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Amblyopia In Children
WHAT YOU NEED TO KNOW:
Amblyopia a condition that causes your child to have poor vision. It occurs if your child's brain favors one eye instead of both eyes equally. This may cause him to have trouble seeing and understanding what he sees. He may not be able to see details very well. Amblyopia is sometimes called lazy eye because one eye is weaker than the other.
- Cycloplegic medicine: These medicines blur vision in your child's normal eye. This forces the weak eye to see by itself so it will develop and catch up to the normal eye.
- Give your child's medicine as directed. Call your child's healthcare provider if you think the medicine is not working as expected. Tell him if your child is allergic to any medicine. Keep a current list of the medicines, vitamins, and herbs your child takes. Include the amounts, and when, how, and why they are taken. Bring the list or the medicines in their containers to follow-up visits. Carry your child's medicine list with you in case of an emergency.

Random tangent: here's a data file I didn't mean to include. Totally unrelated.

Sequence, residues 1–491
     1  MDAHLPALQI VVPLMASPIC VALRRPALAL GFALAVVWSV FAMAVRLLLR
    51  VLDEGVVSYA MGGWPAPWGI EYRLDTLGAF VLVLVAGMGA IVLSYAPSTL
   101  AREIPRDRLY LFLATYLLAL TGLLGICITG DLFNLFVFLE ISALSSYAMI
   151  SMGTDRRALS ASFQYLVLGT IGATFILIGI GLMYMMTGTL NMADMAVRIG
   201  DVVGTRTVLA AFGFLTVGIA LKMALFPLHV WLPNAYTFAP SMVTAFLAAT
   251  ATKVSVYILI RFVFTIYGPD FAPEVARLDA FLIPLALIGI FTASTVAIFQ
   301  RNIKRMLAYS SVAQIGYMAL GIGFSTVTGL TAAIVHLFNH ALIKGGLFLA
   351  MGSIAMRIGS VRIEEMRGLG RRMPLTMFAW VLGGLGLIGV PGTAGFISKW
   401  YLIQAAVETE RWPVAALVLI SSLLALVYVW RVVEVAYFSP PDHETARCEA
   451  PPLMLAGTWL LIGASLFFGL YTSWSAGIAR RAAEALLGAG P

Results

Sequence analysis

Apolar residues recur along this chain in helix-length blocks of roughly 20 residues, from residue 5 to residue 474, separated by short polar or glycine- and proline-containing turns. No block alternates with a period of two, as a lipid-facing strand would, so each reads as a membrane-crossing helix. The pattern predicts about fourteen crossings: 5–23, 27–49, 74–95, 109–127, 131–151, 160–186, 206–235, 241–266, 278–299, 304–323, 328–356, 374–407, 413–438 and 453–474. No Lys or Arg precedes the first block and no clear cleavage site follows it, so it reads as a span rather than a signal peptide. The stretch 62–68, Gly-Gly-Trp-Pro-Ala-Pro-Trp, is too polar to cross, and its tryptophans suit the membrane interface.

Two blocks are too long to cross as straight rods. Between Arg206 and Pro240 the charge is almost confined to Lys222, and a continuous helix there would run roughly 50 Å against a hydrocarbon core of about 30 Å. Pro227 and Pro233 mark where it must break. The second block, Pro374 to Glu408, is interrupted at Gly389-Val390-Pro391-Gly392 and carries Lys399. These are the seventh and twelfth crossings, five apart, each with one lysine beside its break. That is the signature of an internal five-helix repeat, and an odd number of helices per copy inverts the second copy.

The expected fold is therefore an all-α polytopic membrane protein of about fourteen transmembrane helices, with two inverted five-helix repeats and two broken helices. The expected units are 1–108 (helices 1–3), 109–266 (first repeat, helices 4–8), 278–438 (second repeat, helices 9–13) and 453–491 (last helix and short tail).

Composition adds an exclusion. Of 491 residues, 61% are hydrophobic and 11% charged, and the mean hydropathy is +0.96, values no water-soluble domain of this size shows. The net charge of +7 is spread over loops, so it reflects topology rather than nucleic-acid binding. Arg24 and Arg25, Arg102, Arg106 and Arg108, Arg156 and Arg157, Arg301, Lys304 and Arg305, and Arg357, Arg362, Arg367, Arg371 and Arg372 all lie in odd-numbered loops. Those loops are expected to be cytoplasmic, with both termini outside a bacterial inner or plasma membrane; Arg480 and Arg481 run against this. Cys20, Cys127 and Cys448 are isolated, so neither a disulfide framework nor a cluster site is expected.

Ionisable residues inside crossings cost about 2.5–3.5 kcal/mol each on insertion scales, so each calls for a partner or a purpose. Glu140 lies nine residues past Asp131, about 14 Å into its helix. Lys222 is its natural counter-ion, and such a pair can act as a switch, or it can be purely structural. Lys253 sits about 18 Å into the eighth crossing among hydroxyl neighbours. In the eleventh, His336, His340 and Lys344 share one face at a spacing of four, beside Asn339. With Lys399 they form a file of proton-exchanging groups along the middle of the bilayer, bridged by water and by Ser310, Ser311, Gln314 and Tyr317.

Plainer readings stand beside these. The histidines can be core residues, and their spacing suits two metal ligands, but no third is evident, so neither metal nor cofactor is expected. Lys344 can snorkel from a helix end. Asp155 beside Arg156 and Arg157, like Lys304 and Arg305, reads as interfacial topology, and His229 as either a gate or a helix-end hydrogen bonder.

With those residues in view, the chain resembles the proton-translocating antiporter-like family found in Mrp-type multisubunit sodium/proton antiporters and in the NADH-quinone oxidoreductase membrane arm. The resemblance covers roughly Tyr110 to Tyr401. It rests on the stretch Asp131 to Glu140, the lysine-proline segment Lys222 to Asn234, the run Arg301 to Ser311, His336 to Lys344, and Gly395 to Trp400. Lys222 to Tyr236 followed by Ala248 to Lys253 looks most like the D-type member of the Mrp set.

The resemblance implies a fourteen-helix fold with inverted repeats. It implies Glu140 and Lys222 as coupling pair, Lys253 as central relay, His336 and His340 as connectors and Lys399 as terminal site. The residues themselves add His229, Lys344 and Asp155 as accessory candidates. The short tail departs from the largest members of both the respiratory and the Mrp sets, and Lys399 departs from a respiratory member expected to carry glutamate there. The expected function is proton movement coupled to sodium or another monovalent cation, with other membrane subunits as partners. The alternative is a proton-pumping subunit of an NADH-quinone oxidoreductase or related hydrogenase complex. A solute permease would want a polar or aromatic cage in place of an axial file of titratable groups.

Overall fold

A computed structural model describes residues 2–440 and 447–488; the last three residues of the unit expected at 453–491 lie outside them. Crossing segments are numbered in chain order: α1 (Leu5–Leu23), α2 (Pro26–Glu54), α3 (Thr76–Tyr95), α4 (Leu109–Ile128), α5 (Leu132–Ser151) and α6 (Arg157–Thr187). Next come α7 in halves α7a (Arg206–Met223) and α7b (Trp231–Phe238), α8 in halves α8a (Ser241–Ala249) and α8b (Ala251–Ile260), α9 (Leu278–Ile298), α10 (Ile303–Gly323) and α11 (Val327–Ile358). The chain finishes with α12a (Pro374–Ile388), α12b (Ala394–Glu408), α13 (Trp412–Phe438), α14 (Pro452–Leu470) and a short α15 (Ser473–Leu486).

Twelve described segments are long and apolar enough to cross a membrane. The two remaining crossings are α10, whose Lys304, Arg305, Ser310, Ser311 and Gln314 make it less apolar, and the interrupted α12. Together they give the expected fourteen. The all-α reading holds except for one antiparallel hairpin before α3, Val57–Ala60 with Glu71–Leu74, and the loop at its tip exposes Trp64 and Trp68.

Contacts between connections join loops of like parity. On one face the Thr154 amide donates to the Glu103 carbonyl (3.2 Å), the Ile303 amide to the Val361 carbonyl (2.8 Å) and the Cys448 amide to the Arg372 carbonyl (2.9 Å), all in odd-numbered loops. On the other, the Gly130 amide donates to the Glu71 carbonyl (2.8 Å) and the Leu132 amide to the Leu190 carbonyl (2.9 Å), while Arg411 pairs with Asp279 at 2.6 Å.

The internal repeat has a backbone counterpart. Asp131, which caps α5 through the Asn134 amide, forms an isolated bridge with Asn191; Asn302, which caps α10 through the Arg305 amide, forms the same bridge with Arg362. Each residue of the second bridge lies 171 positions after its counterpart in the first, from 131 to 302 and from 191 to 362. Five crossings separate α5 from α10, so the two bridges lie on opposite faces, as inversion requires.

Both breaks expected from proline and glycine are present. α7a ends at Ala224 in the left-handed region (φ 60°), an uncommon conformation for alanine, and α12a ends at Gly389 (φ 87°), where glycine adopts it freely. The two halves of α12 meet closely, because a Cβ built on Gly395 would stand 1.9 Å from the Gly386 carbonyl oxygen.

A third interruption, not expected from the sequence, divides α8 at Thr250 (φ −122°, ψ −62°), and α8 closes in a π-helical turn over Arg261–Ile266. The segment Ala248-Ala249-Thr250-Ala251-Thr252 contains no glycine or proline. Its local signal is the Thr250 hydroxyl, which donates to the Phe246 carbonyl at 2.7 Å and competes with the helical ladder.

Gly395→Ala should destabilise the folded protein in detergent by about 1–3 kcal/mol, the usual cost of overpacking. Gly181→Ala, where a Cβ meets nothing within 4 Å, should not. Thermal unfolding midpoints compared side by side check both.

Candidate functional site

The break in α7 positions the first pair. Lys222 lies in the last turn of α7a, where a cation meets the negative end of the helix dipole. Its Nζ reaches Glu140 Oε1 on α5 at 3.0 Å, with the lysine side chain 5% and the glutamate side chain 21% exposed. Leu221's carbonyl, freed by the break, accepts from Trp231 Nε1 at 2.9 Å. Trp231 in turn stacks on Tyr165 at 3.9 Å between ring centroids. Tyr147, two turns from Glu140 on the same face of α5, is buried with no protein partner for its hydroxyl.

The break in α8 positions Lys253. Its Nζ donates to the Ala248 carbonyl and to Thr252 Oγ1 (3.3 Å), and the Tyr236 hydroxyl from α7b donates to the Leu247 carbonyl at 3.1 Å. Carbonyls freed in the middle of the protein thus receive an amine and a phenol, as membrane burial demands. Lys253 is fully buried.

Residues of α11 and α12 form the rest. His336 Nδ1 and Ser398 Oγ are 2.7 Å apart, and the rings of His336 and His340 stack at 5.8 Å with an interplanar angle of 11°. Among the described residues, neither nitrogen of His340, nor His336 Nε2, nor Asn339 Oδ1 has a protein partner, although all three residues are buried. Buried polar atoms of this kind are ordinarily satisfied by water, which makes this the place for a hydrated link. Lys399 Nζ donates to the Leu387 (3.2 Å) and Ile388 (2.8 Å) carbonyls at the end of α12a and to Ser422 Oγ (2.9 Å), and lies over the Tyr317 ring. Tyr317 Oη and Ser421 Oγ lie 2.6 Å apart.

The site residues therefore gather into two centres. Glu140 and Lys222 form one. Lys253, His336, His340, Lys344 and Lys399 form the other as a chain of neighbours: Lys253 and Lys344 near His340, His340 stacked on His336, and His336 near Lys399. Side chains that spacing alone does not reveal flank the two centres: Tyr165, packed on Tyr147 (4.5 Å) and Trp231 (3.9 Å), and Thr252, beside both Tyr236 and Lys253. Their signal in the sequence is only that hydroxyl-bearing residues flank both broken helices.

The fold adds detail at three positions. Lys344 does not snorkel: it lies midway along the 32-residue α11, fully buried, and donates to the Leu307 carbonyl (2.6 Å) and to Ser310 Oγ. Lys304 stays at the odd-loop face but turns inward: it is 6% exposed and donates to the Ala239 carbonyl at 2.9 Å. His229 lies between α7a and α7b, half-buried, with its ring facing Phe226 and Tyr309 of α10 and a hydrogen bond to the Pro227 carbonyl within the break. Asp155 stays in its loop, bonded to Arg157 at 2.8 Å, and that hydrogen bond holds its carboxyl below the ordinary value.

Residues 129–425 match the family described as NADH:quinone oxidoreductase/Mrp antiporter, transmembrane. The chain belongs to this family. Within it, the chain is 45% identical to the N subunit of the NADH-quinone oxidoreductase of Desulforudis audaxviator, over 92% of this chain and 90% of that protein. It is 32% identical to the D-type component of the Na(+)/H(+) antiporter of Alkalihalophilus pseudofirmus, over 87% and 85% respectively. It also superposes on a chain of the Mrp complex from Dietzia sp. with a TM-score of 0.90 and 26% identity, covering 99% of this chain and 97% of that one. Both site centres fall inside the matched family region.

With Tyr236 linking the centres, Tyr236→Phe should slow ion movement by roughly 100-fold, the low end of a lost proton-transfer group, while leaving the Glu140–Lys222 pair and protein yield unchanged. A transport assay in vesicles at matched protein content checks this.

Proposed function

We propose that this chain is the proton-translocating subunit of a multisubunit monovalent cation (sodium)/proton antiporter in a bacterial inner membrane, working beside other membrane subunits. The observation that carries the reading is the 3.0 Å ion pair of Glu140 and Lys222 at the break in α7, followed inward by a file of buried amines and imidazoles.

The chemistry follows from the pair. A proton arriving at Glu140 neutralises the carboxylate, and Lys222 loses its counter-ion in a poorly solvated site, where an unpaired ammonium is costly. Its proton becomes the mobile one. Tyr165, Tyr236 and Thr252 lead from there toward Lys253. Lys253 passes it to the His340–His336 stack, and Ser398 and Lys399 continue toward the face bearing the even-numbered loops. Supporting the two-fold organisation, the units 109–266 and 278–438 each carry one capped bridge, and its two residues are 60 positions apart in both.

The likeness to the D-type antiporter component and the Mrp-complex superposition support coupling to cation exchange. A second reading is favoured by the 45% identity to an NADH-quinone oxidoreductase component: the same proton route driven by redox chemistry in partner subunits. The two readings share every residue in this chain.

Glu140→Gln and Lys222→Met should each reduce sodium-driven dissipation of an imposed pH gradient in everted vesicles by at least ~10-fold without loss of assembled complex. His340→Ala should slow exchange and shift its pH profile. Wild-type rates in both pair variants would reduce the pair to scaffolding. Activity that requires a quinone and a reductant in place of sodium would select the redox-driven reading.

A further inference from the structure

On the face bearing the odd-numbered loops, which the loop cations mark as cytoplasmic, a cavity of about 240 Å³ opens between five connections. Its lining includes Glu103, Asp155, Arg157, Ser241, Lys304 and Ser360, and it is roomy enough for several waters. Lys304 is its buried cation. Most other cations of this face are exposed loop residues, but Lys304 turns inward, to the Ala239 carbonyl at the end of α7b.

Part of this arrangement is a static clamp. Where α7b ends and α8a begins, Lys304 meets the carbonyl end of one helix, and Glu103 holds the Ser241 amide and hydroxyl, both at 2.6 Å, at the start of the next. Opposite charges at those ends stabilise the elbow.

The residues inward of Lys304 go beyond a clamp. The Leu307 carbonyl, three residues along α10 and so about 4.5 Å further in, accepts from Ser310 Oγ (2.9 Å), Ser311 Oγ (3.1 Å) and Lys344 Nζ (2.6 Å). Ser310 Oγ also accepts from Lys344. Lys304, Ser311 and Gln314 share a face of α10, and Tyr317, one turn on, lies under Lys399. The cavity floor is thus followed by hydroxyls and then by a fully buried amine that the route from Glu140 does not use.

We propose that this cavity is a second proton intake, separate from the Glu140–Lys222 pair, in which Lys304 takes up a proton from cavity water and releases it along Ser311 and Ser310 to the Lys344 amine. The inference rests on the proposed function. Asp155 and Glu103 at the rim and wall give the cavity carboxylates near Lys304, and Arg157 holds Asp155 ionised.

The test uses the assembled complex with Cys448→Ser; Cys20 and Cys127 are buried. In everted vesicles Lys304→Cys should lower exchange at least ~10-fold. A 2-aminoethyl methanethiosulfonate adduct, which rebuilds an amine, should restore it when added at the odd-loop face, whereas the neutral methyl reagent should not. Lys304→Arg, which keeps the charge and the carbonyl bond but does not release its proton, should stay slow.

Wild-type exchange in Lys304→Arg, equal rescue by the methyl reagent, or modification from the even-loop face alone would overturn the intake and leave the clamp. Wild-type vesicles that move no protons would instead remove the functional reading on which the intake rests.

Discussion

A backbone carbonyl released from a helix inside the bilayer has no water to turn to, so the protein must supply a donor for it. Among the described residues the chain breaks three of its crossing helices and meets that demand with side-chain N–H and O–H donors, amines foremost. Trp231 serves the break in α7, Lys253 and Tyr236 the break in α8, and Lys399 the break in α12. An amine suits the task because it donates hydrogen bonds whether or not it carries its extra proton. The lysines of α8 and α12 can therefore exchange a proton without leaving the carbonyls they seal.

- Do not give aspirin to children under 18 years of age. Your child could develop Reye syndrome if he takes aspirin. Reye syndrome can cause life-threatening brain and liver damage. Check your child's medicine labels for aspirin, salicylates, or oil of wintergreen.
Follow up with your child's healthcare provider as directed:
Write down your questions so you remember to ask them during your child's visits.
Help your child's vision develop:
Let your child draw or write as much as he likes. Read to him or show him books with lots of pictures, activities, and puzzles. This will help his weak eye get stronger.
Contact your child's healthcare provider if:
- Your child has a fever.
- You have questions or concerns about your child's condition or care.
Return to the emergency department if:
- Your child suddenly has trouble seeing, or cannot see at all.
- Your child's skin is itchy, swollen, or has a rash.
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The above information is an educational aid only. It is not intended as medical advice for individual conditions or treatments. Talk to your doctor, nurse or pharmacist before following any medical regimen to see if it is safe and effective for you.